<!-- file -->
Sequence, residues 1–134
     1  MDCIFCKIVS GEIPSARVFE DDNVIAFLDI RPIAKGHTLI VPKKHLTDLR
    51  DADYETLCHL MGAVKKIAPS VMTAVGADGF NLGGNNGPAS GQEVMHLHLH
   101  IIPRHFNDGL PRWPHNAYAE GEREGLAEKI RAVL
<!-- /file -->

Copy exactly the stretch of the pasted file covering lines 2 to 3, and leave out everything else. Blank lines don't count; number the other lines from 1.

     1  MDCIFCKIVS GEIPSARVFE DDNVIAFLDI RPIAKGHTLI VPKKHLTDLR
    51  DADYETLCHL MGAVKKIAPS VMTAVGADGF NLGGNNGPAS GQEVMHLHLH